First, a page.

There’s an interesting sentence in Robert Heinlein’s classic SF novel The Moon is a Harsh Mistress where he describes the attitudes of the typical (mostly male) inhabitants of his fictional lunar colony: “Average Loonie was interested in beer, betting, women, and work, in that order.” I think it points to a divide in our own society: between those who have (or aspire to) a job, and those who have a career.
Of course I’m leaving out the vanishingly small fraction of people who do something they genuinely love for a living. More power to them, but most of us aren’t in that happy position. I’ve certainly never had paid employment of any kind that I would have kept doing if I hadn’t needed the money. I’m also leaving out those people who are rich enough that they don’t need to work at all. There are probably even fewer of those.
A job is a disposable thing. Jobs come and go. You might be a plumber, say, and a job may consist of installing a shower. When it’s done, it’s done. Unless you happen to be a particularly neurotic plumber, it probably won’t occupy your thoughts beyond what is needed to do it. You might be a participant in the “gig economy” and have multiple jobs, none of which are really part of your sense of who you are. After all, who wants to identify with delivering pizzas?
A career, on the other hand, is a thing to be spoken of with reverence; it is composed of a series of jobs, it’s true, but you’re not supposed to think of it that way. The myth of the career is the personalised version of the great Myth of Progress which we are all supposed to believe in, despite evidence to the contrary. It is aspirational. If you are asked at a job interview where you see yourself in five years’ time, then the job under discussion is not a mere job but a step in a career.
The picture at the head of this post sums that thinking up rather well. What strikes me about it most forcefully is what will happen to the leaping woman if the rock she is aiming for turns out not to be there. She will suddenly become a briefcase-carrying Wile E. Coyote, doomed to plunge into the apparently bottomless chasm. And this is going to happen to a lot of people in the not too distant future, and far from metaphorically either. We already have “software professionals” who are obliged to live in their car because the cost of housing in California is so high that even they can’t afford it.
When I was at school leaving age, there was a bloke who was called in to advise us all about our future careers. As it turns out, I spent most of my working life doing things that hadn’t been invented at the time, so it wasn’t especially helpful. But it’s an odd thing to suppose that an eighteen-year-old is going to be able to say, with any real honesty, “I want to be an accountant/commodities trader/quantity surveyor/optician/whatever.” And if you tried the trick today, you’d be assuming rather optimistically that there will be accountants, commodities traders, quantity surveyors or opticians for the duration of your working life. I’m not at all sure that that’s a good assumption, given the way things are going.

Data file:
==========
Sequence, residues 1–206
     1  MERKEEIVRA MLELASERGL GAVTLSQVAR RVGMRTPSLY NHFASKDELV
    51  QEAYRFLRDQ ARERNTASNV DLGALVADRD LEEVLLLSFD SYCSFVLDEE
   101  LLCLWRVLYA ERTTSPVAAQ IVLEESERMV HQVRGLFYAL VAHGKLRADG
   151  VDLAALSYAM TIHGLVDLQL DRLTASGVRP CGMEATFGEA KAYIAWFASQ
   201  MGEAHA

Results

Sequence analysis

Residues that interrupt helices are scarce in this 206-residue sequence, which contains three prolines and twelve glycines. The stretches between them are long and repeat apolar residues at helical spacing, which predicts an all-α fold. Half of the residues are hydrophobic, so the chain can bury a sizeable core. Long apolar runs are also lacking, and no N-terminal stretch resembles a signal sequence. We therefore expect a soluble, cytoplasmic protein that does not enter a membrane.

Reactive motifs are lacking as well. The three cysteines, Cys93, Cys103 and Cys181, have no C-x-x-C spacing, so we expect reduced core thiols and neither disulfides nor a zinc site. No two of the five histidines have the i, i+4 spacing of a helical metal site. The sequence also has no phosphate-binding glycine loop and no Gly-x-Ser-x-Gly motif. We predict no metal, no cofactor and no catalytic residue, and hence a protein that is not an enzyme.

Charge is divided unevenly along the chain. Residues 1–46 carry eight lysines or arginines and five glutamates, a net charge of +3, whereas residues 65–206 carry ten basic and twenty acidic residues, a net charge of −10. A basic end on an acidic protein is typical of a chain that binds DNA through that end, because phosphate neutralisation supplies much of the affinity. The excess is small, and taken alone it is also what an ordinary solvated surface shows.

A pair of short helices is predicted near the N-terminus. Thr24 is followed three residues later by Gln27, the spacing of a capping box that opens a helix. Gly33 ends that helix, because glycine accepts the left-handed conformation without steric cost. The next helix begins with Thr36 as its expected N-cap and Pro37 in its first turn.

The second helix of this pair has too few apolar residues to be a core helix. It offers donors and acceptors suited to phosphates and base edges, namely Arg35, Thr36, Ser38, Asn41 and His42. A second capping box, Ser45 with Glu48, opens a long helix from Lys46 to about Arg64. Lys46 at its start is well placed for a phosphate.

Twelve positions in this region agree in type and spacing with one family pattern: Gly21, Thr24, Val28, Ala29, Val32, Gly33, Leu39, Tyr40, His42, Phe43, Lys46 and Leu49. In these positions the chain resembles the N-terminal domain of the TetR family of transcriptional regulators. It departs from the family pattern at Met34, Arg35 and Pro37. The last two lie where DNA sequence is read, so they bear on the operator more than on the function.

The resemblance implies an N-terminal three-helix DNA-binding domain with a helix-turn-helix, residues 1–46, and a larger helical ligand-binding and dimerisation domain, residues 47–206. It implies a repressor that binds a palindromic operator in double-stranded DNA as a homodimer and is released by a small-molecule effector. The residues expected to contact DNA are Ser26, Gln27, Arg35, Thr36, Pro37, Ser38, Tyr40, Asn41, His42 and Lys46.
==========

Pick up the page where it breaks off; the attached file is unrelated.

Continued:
Nobody, I think, would deny that plumbers do useful work. I could say the same for practitioners of any of the classic trades. Most of them will be needed in some form whatever the future holds, and they offer many transferable skills. Carpenters will be needed for as long as there are trees. Commodities traders, maybe not so much.
I think of some of the magnificently pointless job titles cited in David Graeber’s entertaining Bullshit Jobs. There is probably not much actual need for an East Coast Vision Co-ordinator even today, but I would be prepared to bet cash money there’ll be even less in twenty years’ time. What will become of the person who has that job? Will they find they have leapt daringly onto a non-existent rock? And will they be able to cope psychologically with the knowledge that they have no useful skills in the world in which they find themselves? I rather think that someone who delivers pizza today will be far less attached to their “career” and will positively welcome the chance to do something else.
If you have a career, I suggest that you start thinking about it as if it were just a job. For one thing you will be saner and better-adjusted. But you will also be far better-placed to confront the future, even just from that change in your thinking. The world is a richer, hairier and more interesting place than we sometimes let ourselves imagine, and we ourselves have more potential than we may think. After all, Albert Einstein could have had a perfectly good career in the Swiss patent office.
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